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Healthy Diet for your House Rabbit

Published on Monday, April 9, 2012

Healthy Diet for your House Rabbit

A Healthy Diet is Essential for Your House Rabbit's Well-Being

Rabbits have sensitive digestive systems. Knowing what a healthy diet consists of will help prevent serious digestive issues and promote a long healthy life. There are different diet requirements for growth stages. 

We follow the House Rabbit Society's diet recommendations

Note: Nursing mothers and breeding rabbits may need different diet requirements that are not covered on our site. You will need to seek out other resources in these cases. Our site is focused on non-breeding neutered rabbits only. 






DIET FOR NON-BREEDING NEUTERED ADULTS (over 1 year
 For rabbits under a year, please see HRS Guidelines


Unlimited Hay

This is extremely important for a bunny's digestive system. Always have it available.  My bunnies eat more hay when they have a variety of hays. 

Hay Tip - A great trick that encourages more hay consumption is add a little fresh hay on top of the existing hay, or take the hay that has been sitting there all day,  put in back in the bag, mix it around and grab a new big handful.  I don't know why this works - maybe the fresh scent of hay being resurfaced - For some reason this entices them to eat more, even though they still had plenty of hay in their rack.  

Pellets

General Serving size - 1/4 to 1/2 cup pellets per 6 lb bunny

Recommended Nutritional Value
Fiber 18% minimum (20 -25% best)
Fat 1 - 2% max
Protein 12 - 14% max (long-haired breeds may need higher)
Calcium 1% max

Avoid pellets with nuts & dried fruit. That's like putting M&M'sj on your salad everyday. Stick with pellets that are Timothy based. Some alfalfa based pellets do have a high fiber content, but most are too high in calories, protein, and calcium for many adult rabbits.  Our personal favorite is Oxbow Bunny Basics T Essentials Adult rabbit Food
Pellet Tip - A rabbit's system is meant for foraging. Spread pellets out all over his pen or cage,hide in specific place or use a treat dispenser ball sometimes. This way he can't consume everything at once and it will add a bit of exercise and entertainment to his daily routine.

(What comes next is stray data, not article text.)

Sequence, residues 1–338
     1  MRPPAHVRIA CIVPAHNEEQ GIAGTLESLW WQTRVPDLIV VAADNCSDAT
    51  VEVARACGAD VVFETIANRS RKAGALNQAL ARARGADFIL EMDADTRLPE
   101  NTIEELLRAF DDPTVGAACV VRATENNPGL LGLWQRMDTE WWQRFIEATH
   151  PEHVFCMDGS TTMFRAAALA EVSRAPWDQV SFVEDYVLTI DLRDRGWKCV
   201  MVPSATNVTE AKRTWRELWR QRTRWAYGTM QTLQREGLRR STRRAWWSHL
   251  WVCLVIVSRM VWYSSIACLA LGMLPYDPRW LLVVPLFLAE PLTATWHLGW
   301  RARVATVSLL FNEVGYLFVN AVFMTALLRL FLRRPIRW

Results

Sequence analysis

Greens/Veggies (Minimum 3 different types)

Minimum 2 cups of chopped leafy greens per 6 lbs. See the HRS recommendations for which leafy greens are best. 

See Veggie/Fruit List for a comprehensive list. 

When introducing greens for the first time - offer just one at time. Add new one in after a few days. If a bunny snubs a particular leafy green.  Just keep adding a little bit to the diet even if they have snubbed it before. I've done this thinking my bunnies would never eat it, but then one day they decide to try it and end up liking it.  And even if your bunny snubs one or two types permanently, there are plenty others to choose from.

Veggie storing Tips from a BinkyBunny Forum Discussion

Fruit

1 oz. to 2 oz. max per 6 lbs. body weight.

High in calories, but still a better treat than some of the "junk food" treats that are sold at pet stores. 

See Veggie and Fruit List

Diet Sources


 Alternative House Rabbit Diets

Some bunnies that have certain types of illnesses may require a specialized diet recommended by your rabbit-savvy vet. Below are what I have done with two of my bunnies.  These are just for your reference only so you can consult with your vet and create the right diet for YOUR bunny if they are suffering from similar issues.


Jack

Bladder Stone Problems

Jack had a calcium oxalate stone removed. 

A special diet was recommended to help prevent any reoccurrence.

Check out Jack's story and his new diet plan.

Bailey

Bailey was Chronic Poopybutter (AKA: Icky Sticky Stinky Poo Bum)

She had a VERY sensitive tummy.  She also  suffered from e.cuniculi and aa crooked spine.  Whether that played a part is not fully known, but we really had to go through major trial and error to get a diet that kept the bouts of poopybutt down.

Check out our trial error to get to a diet that worked best for her.

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Author: BB

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